The COVID-19 pandemic was not the only long-term crisis the world will remember from 2020. In terms of climate change, the year was also one of the three warmest on record, and rivalled 2016 for the top spot, the UN weather agency said. More
Reports that temperatures in a Russian town in the Arctic Circle likely reached a record 38C (100.4F), last weekend, have been approved by the World Meteorological Organization (WMO) pending final verification, it said on Tuesday. More
Exceptional global heat driven by greenhouse gas emissions mean this decade will most likely go down as the warmest on record, according to the World Meteorological Organization (WMO) which released its provisional statement on the State of the Global Climate on Tuesday.
“If we do not take urgent climate action now, then we are heading for a temperature increase of more than 3°C by the end of the century, with ever more harmful impacts on human wellbeing”, said WMO Secretary-General Petteri Taalas.
Geneva, 6 February 2019: In a clear sign of continuing long-term climate change associated with record atmospheric concentrations of greenhouse gases, 2015, 2016, 2017 and 2018 have been confirmed as the four warmest years on record.
A consolidated analysis by the World Meteorological Organization of five leading international datasets showed that the global average surface temperature in 2018 was approximately 1.0° Celsius (with a margin of error of ±0.13°C) above the pre-industrial baseline (1850-1900). It ranks as the fourth warmest year on record.
The year 2016 has been confirmed as the hottest year on record, surpassing the exceptionally high temperatures of 2015, according to a consolidated analysis by the World Meteorological Organization (WMO).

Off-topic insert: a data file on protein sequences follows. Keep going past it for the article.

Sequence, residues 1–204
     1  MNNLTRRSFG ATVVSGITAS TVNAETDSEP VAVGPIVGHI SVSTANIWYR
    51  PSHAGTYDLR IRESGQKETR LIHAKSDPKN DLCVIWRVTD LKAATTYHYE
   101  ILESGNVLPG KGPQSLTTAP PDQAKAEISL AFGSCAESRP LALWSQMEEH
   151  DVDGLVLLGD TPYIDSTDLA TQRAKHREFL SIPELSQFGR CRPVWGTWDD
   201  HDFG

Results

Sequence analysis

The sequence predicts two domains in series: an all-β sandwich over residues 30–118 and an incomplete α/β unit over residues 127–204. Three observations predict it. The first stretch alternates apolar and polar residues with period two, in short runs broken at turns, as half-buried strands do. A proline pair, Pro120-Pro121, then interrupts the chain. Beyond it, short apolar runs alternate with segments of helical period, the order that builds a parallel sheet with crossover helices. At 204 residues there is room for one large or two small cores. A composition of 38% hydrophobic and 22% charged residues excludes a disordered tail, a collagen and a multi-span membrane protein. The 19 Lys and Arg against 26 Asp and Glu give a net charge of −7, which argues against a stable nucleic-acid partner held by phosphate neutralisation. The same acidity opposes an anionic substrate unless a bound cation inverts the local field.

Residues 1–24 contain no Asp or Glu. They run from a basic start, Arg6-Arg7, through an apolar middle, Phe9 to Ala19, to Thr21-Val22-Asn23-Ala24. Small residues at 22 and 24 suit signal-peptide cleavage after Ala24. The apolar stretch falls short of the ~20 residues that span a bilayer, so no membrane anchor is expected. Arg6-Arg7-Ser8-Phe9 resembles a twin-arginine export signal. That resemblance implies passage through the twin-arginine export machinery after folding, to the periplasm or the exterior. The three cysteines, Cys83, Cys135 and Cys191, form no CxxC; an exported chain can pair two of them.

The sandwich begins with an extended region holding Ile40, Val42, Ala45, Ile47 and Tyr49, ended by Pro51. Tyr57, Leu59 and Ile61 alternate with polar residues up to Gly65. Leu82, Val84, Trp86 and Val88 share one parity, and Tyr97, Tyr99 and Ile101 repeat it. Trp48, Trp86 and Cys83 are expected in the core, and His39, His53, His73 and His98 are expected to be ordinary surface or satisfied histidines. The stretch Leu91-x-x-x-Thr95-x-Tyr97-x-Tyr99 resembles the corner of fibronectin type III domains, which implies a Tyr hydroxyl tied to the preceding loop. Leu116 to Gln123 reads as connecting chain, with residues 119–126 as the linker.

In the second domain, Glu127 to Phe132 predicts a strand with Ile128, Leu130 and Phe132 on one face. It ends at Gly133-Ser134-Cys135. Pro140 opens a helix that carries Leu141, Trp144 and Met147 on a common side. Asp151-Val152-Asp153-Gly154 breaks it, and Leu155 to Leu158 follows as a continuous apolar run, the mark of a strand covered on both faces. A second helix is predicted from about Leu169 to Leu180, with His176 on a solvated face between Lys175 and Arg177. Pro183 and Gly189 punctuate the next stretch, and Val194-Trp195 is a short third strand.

The globally averaged temperature in 2016 was about 1.1°C higher than the pre-industrial period. It was approximately 0.83° Celsius above the long term average (14°C) of the WMO 1961-1990 reference period, and about 0.07°C warmer than the previous record set in 2015.
WMO uses data from the US National Oceanic and Atmospheric Administration, NASA’s Goddard Institute for Space Studies and the UK’s Met Office Hadley Centre and the University of East Anglia’s Climatic Research Unit. WMO also draws on reanalysis data from the European Centre for Medium Range Weather Forecasts and the Copernicus Climate Change Service, which use a weather forecasting system to combine many sources of data to provide a more complete picture of global temperatures, including in Polar regions.
Video made leading up to the report above.
The global average surface temperature in 2015 is likely to be the warmest on record and to reach the symbolic and significant milestone of 1° Celsius above the pre-industrial era. This is due to a combination of a strong El Niño and human-induced global warming, according to the World Meteorological Organization (WMO). Continue reading
From January to June 2015, the globally averaged temperature over land and ocean surfaces was the hottest for such period on record, the United Nations World Meteorological Organization (WMO) reported today, citing new highs across the planet in June, with heatwaves across South Asia, Europe and pockets of the United States. Continue reading
WMO is holding a photo competition on the 2016 World Meteorological Day theme: “Hotter, drier, wetter. Face the Future.” The theme has been chosen to illustrate the reality of climate change. As a result of heat-trapping greenhouse gases in our atmosphere, land and sea surface temperatures are rising. The frequency and intensity of Continue reading
Seven recommendations to improve the regional response to climate change have been agreed to following a meeting of Pacific Island nations in Apia, Samoa on 26-27 February. The meeting, gathering eight Pacific countries, was part of a series of Climate Vulnerable Forum workshops currently being convened though to June 2015 in Africa, Asia, Latin America and the Middle East. The Climate Vulnerable Forum regional event for the Pacific, which focused on improving response to climate change for Pacific Small Island Developing States (SIDS), was organized by the Secretariat of the Pacific Regional Environment Programme (SPREP) with support from the United Nations Development Programme (UNDP). Participating Governments included Cook Islands, Fiji, Nauru, Palau, Samoa, Solomon Islands, and Climate Vulnerable Forum members Tuvalu and Vanuatu. Continue reading